Take comfort in the fact that the only people who seemed more confused as to what exactly was going on in 2006 than the fans, was the WWE creative staff. In a year where WWE was just seemingly throwing ideas against a wall, wrestling fans everywhere were treated to a seemingly infinite series of matches between the McMahon Family and DX, as well as the painfully over-the-top title reign of King Booker. Anyone not booked for one of several awful feuds this year were left to flounder in meaningless programs. They were the lucky ones.
This year just couldn’t help itself. Even though it contains one of the greatest moments in wrestling history – the famous “Summer of Punk” – and a few other highlights, it just couldn’t resist finding a way to turn nearly every good thing that came its way into something awful. Of course, even if angles like Punk’s weren’t ruined by questionable decisions such as the sudden appearance of Kevin Nash, the fact that this was the year that gave us The Miz as a WrestleMania headliner as well as the awful Michael Cole/Jerry Lawler feud would have sealed its fate. No wonder Punk was so angry.
About all you need to say to justify 2009’s place among the worst is “Raw Guest Host.” Yes friends, this was the year in which it was decided that what professional wrestling was missing most was a series of minor celebrities to come out and host Monday Night Raw by cutting awkward interviews for most of the night. As if that wasn’t enough, we were also treated to a hefty dose of particularly bad comedy segments involving Hornswoggle, and a rather tragic series of matches between Kane and The Great Khali. Could this really be the year that gave us that Undertaker/Shawn Michaels classic?
While there are plenty of reasons to despise 2007 from an in-ring standpoint – the almost year-long reign of John Cena and his increasingly dull series of challengers being one of them – nothing that happened on WWE television in 2007 could top what happened off-screen. This was also the year in which Chris Benoit shocked the world by killing his family, then himself. This singular event shrouded nearly everything that WWE would do in a haze of darkness that could not be looked past. Of course, the truly awful in-ring stuff that happened this year managed to break through even that.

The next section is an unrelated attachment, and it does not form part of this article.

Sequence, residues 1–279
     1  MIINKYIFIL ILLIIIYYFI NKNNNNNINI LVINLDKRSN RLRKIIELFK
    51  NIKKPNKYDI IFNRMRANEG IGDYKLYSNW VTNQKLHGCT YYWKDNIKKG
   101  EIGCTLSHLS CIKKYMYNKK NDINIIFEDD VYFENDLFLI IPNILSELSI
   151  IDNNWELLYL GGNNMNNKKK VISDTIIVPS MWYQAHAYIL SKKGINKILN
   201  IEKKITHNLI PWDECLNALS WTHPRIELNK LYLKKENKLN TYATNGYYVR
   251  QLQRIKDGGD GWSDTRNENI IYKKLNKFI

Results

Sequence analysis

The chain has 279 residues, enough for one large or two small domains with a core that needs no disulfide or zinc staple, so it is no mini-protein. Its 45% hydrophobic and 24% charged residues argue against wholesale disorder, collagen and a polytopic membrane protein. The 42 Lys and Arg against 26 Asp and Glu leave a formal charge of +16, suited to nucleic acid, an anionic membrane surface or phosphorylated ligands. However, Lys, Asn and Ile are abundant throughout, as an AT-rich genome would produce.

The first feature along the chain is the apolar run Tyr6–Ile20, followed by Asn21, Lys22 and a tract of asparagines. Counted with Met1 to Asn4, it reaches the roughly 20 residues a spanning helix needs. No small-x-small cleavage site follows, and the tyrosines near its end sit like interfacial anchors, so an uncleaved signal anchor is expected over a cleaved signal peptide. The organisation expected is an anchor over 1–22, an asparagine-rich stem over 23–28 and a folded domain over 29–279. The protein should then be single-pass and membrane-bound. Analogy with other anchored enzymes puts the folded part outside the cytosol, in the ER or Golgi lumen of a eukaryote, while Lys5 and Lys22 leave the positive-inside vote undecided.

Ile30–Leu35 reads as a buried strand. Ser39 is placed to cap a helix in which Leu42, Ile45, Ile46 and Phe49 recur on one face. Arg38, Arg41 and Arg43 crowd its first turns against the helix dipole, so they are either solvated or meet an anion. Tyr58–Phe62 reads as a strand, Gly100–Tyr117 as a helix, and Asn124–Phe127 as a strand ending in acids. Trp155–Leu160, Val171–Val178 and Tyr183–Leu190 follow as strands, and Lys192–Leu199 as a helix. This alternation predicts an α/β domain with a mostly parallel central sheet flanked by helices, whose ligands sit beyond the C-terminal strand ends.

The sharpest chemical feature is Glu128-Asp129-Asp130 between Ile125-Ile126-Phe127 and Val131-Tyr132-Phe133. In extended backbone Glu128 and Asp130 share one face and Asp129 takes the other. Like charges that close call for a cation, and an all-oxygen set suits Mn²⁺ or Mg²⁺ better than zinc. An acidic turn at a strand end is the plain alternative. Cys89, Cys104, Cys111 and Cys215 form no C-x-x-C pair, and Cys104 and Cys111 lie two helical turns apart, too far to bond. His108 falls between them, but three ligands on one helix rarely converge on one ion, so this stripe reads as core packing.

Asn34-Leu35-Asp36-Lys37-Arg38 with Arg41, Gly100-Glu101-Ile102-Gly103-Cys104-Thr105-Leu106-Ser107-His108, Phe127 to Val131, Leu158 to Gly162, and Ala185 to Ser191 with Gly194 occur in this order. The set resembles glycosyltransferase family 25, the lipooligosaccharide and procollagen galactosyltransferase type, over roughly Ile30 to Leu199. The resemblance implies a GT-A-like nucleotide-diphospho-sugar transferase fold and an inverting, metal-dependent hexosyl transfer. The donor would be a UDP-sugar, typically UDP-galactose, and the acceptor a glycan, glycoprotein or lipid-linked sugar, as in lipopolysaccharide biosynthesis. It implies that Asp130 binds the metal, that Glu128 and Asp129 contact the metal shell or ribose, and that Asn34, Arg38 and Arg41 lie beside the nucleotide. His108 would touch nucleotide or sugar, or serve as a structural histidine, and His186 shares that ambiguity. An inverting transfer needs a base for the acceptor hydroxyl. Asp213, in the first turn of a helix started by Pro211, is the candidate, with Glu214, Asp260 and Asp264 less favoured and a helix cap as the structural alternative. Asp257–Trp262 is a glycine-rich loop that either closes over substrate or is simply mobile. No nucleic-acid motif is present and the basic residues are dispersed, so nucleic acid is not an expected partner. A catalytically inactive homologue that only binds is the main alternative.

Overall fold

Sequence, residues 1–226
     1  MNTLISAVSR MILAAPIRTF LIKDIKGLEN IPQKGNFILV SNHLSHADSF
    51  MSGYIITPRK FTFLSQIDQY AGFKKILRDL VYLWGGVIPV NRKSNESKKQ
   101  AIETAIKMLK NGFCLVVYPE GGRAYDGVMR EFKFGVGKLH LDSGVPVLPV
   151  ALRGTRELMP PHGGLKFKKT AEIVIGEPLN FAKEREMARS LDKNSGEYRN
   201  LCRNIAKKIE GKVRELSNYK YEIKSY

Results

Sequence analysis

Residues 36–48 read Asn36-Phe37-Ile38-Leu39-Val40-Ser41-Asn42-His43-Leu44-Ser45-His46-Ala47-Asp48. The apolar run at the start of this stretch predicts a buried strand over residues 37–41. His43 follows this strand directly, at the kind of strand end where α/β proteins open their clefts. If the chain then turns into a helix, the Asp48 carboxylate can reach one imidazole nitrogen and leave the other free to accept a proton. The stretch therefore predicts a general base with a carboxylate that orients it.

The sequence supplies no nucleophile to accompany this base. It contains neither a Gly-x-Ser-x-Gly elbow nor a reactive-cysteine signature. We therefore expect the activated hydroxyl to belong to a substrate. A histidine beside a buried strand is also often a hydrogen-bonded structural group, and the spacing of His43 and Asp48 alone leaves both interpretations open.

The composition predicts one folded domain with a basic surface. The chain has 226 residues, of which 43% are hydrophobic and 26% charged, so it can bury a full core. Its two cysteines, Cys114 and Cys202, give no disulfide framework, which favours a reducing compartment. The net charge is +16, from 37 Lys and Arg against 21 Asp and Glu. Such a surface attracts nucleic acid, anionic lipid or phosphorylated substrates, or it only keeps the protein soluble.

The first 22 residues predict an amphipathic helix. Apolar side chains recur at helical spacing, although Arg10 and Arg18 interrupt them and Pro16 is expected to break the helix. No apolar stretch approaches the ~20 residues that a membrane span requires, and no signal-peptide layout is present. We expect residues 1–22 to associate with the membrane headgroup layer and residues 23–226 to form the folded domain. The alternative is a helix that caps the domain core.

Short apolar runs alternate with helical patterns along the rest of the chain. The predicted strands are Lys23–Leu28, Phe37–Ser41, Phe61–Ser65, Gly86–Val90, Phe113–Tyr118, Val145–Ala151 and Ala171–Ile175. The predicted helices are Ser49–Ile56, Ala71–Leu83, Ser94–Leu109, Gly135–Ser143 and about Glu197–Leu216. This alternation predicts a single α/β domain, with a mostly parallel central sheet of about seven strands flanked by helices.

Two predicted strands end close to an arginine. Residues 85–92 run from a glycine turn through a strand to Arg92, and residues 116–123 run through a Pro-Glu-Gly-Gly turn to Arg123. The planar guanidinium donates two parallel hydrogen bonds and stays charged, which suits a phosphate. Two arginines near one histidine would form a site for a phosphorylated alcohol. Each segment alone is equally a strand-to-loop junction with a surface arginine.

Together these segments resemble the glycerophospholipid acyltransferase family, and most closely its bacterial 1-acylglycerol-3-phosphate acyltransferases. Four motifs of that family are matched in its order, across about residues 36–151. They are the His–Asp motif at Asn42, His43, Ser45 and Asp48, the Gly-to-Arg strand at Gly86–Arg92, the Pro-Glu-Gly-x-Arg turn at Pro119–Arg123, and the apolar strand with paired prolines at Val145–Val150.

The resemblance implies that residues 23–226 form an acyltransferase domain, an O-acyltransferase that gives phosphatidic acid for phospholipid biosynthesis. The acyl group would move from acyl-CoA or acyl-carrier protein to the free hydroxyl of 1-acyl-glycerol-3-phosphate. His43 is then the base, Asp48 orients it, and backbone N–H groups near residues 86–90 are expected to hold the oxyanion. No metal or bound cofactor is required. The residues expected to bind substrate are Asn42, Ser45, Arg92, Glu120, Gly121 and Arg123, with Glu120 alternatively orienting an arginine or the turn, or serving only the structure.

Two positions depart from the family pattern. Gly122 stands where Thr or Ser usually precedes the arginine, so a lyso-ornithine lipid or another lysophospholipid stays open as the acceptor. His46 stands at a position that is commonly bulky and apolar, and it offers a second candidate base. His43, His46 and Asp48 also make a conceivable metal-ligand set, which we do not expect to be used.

Remember when WWE thought it would be a good idea to have a Roman-themed WrestleMania in Las Vegas filled with some of the worst matches in WrestleMania history? Oh, you’re saying you repressed that memory? Well then you’ve probably also repressed how this was the year in which Hulk Hogan won a Bret Hart/Yokozuna match, and Lex Luger was built to be the biggest star in the history of WWE for about a month before being forgotten. If so, that’s a good thing, because it also means you don’t remember what is, undoubtedly, the worst Survivor Series card ever put together. I envy you.
WWE’s Attitude Era may just be the most lucrative time period in wrestling history, but it also produced its fair share of awful moments. Unfortunately, most of them happened in 1999. This was the year in which Vince Russo’s “crash-tv” style of storytelling completely went overboard. Whether it was Vince McMahon being revealed as “the greater power” or Mae Young mysteriously giving birth to a human hand, a quick review of the storylines of WWE in 1999 will make you wonder just how it was this company became so successful during that period. Then you look at what WCW was doing at that time and it sadly starts to make sense.
Perhaps the biggest reason for this year’s inclusion was the tragic accident involving Owen Hart at the Over The Edge pay-per-view. A needless stunt ended a man’s life for no reason and the WWE still had the show go on following Hart’s death.
It’s usually a challenge to come up with the number one entrant on these lists, but thankfully the unrivaled awfulness of 1995 stands high above any other contender. Beyond a shadow of a doubt, this is the absolute worst year that WWE has ever produced. WWE’s talent pool was never more dry than during this time, and the result was such compelling programs as the rapping Mabel somehow clawing his way to the top of the card. Fans probably knew they were in for a truly awful year when Lawrence Taylor main-evented WrestleMania, but nobody could have predicted that this would be the year that almost sent WWE into bankruptcy.